Additional technical details are available in an Oct. 3, 2017 University of California at Berkeley news release by Brett Israel (also on EurekAlert), which originated the news item (Note: A link has been removed) ,

Scientists at the University of California, Berkeley, have engineered a new way to deliver CRISPR-Cas9 gene-editing technology inside cells and have demonstrated in mice that the technology can repair the mutation that causes Duchenne muscular dystrophy, a severe muscle-wasting disease. A new study shows that a single injection of CRISPR-Gold, as the new delivery system is called, into mice with Duchenne muscular dystrophy led to an 18-times-higher correction rate and a two-fold increase in a strength and agility test compared to control groups.

Diagram of CRISPR-Gold

CRISPR–Gold is composed of 15 nanometer gold nanoparticles that are conjugated to thiol-modified oligonucleotides (DNA-Thiol), which are hybridized with single-stranded donor DNA and subsequently complexed with Cas9 and encapsulated by a polymer that disrupts the endosome of the cell.

Since 2012, when study co-author Jennifer Doudna, a professor of molecular and cell biology and of chemistry at UC Berkeley, and colleague Emmanuelle Charpentier, of the Max Planck Institute for Infection Biology, repurposed the Cas9 protein to create a cheap, precise and easy-to-use gene editor, researchers have hoped that therapies based on CRISPR-Cas9 would one day revolutionize the treatment of genetic diseases. Yet developing treatments for genetic diseases remains a big challenge in medicine. This is because most genetic diseases can be cured only if the disease-causing gene mutation is corrected back to the normal sequence, and this is impossible to do with conventional therapeutics.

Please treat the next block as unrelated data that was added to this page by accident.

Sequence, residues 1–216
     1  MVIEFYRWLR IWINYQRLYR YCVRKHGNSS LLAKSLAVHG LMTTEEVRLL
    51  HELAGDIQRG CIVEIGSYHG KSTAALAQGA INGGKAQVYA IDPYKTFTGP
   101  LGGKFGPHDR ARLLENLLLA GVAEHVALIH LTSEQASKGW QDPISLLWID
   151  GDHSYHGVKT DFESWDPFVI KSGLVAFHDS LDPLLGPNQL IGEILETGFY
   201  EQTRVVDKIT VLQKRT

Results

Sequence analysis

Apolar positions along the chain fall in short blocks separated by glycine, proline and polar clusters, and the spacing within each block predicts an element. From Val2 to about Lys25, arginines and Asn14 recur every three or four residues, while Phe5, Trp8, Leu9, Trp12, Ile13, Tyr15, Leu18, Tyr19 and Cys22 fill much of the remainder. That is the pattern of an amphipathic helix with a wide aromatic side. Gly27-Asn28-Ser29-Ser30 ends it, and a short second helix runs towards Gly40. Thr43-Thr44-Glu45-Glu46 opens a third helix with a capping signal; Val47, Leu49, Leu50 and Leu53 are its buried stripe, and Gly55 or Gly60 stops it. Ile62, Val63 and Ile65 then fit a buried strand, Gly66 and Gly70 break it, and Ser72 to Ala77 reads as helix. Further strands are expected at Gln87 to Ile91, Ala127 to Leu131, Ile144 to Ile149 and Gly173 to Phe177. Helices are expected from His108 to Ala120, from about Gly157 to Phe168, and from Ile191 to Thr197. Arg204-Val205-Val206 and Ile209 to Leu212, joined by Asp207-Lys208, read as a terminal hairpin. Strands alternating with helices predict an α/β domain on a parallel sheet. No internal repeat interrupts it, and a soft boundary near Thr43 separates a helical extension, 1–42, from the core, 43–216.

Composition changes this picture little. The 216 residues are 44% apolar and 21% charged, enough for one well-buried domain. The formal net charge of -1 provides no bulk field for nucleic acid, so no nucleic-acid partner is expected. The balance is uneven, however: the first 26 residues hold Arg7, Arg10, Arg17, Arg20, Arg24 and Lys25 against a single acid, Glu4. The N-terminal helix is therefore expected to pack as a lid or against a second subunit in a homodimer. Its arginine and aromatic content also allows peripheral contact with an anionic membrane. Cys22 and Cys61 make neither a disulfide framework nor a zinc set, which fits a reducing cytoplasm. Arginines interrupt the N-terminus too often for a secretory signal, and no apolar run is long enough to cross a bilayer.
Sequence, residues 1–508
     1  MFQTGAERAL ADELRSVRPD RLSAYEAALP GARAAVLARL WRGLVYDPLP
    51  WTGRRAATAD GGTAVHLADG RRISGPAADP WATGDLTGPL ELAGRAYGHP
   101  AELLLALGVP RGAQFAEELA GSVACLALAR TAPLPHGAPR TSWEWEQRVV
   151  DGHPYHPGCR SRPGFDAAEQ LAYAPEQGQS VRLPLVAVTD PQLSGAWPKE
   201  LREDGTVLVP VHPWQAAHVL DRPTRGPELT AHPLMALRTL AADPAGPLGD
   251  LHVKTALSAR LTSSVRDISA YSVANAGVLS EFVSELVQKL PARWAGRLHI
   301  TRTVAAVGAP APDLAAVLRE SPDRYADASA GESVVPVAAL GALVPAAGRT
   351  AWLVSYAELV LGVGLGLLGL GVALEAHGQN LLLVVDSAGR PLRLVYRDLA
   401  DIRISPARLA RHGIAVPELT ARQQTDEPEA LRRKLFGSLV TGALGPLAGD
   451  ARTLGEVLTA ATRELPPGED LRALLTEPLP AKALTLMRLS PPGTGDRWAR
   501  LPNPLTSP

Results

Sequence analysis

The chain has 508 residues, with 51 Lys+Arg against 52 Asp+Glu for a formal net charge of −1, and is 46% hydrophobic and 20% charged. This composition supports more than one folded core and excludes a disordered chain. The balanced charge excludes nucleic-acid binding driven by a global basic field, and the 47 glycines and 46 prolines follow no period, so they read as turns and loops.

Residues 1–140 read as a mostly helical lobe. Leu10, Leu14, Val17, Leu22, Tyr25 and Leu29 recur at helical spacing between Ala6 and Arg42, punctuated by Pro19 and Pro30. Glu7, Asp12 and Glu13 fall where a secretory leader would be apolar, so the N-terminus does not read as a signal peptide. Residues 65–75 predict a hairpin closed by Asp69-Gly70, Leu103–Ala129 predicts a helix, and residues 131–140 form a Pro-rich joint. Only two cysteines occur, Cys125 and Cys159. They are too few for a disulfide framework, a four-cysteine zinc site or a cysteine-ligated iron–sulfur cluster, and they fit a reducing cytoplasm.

CRISPR/Cas9, however, can correct gene mutations by cutting the mutated DNA and triggering homology-directed DNA repair. However, strategies for safely delivering the necessary components (Cas9, guide RNA that directs Cas9 to a specific gene, and donor DNA) into cells need to be developed before the potential of CRISPR-Cas9-based therapeutics can be realized. A common technique to deliver CRISPR-Cas9 into cells employs viruses, but that technique has a number of complications. CRISPR-Gold does not need viruses.